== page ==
This video from Britain is called Highlights: The Lake District National Park.
From Wildlife Extra:
Cumbria Wildlife Trust secures Heritage Lottery funding to help buy Eycott Hill
December 2013: Eycott Hill is a rich area of wildlife habitat between Keswick and Penrith and within the Lake District National Park. It is scheduled as a Site of Special Scientific Interest because of the series of mires that occupy parallel troughs in the underlying volcanic rock, and the areas of rough upland pasture. Both of these could be restored and managed for the benefit of a number of birds of conservation concern such as skylark, meadow pipit, wheatear and short-eared owl. The mires also provide one of the few locations found in Cumbria for bog sedge, lesser bladderwort and grass of Parnassus, among other uncommon plant species.
The land has been purchased with a finance deal and the Cumbria Wildlife Trust has two years to complete the purchase, otherwise the land will be offered on the open market. Heritage Lottery Funding has supplied £52,200 to help the Trust progress its plans to apply for a full grant. It is hoped that the local wildlife conservation charity can secure a further £1,381,000 to roll out the full plans for the site, which include as aspect of education in wildlife-friendly farming practices.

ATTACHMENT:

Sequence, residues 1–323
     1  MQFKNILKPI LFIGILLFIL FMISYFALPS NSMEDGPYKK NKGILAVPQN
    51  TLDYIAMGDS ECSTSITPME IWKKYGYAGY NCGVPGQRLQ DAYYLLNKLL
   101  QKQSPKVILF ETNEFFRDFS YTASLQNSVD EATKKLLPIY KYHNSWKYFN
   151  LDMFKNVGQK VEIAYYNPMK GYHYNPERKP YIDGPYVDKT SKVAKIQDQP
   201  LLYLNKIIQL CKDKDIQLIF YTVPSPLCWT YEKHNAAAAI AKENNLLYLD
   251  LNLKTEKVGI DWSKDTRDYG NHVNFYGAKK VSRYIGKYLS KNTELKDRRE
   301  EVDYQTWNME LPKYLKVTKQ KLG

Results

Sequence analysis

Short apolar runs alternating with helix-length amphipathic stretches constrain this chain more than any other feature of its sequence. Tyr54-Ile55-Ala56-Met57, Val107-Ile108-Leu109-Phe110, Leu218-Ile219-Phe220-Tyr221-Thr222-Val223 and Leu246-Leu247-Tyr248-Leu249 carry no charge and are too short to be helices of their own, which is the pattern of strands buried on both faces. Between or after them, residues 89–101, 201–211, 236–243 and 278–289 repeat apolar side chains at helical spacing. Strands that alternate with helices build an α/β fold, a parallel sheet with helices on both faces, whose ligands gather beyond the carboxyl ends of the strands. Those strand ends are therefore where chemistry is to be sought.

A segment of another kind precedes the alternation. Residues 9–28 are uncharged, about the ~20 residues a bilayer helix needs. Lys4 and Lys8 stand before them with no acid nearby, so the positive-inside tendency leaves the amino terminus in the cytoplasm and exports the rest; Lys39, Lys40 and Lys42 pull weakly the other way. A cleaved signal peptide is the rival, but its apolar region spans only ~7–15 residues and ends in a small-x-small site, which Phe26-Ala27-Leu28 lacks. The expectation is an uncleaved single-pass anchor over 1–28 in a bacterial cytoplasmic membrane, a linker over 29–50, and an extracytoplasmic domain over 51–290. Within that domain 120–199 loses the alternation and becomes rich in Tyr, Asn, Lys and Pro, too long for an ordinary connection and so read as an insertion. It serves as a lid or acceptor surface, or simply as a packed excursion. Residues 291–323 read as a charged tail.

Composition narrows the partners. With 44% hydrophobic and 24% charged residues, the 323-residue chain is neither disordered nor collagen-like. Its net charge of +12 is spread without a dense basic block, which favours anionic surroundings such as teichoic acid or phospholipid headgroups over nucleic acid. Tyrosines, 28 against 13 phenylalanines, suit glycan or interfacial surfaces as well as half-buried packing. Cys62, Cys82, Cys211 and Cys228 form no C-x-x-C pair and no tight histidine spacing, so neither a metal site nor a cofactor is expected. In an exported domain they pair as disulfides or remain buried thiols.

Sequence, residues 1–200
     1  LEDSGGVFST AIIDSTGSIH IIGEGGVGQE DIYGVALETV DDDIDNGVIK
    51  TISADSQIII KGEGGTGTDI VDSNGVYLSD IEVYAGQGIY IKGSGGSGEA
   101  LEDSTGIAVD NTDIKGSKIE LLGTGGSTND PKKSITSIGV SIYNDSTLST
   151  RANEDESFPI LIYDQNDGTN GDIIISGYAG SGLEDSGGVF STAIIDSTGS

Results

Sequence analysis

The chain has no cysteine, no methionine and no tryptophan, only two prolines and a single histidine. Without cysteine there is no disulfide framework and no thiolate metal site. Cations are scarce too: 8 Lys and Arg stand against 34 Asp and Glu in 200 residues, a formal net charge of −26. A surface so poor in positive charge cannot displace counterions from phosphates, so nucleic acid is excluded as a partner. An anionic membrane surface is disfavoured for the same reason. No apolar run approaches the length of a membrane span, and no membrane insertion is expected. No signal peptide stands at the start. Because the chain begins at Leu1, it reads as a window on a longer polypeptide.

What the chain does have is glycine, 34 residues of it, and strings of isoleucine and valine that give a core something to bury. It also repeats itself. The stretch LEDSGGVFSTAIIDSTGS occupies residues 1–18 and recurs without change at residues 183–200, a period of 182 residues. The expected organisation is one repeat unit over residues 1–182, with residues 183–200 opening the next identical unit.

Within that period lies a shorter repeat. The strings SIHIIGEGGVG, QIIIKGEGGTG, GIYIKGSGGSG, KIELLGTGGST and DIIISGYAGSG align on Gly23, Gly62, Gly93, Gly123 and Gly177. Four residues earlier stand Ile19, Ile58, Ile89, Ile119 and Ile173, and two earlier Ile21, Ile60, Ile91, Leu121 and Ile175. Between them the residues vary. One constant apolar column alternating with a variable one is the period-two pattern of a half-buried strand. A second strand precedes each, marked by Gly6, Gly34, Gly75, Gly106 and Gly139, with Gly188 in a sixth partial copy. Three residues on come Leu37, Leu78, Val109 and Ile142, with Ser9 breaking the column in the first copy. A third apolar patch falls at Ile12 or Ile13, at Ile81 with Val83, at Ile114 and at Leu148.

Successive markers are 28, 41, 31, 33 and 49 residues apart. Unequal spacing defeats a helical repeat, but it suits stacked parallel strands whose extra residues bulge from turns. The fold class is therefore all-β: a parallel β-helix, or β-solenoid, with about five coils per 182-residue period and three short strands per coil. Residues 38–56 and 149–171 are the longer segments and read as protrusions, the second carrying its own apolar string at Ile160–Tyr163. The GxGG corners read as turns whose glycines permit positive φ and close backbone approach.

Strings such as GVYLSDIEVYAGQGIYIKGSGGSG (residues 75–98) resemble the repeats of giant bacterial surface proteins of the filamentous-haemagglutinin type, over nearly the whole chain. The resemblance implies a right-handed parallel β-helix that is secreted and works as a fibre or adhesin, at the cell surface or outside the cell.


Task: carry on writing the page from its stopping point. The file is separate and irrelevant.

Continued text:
Helen Duxbury, Development Manager at Cumbria Wildlife Trust said: “If we are successful in getting a full grant from the Heritage Lottery Fund we will be able to restore a mix of valuable wildlife habitats including upland heathland, blanket bog, valley mires and upland hay meadow. We’re excited about developing Eycott Hill as a demonstration site for nature conservation farming techniques in partnership with Newton Rigg College, which will provide training for students on conservation grazing techniques and the links between farming and wildlife.”
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Reblogged this on Oyia Brown.
Thanks for your reblogs!
Such a beautiful place!
Indeed. Also an inspiration for poetry:
The Lake District is truly special. No wonder the poets were inspired:)
I was there once, and fondly remember the sound of curlews calling 🙂
My pleasure 🙂
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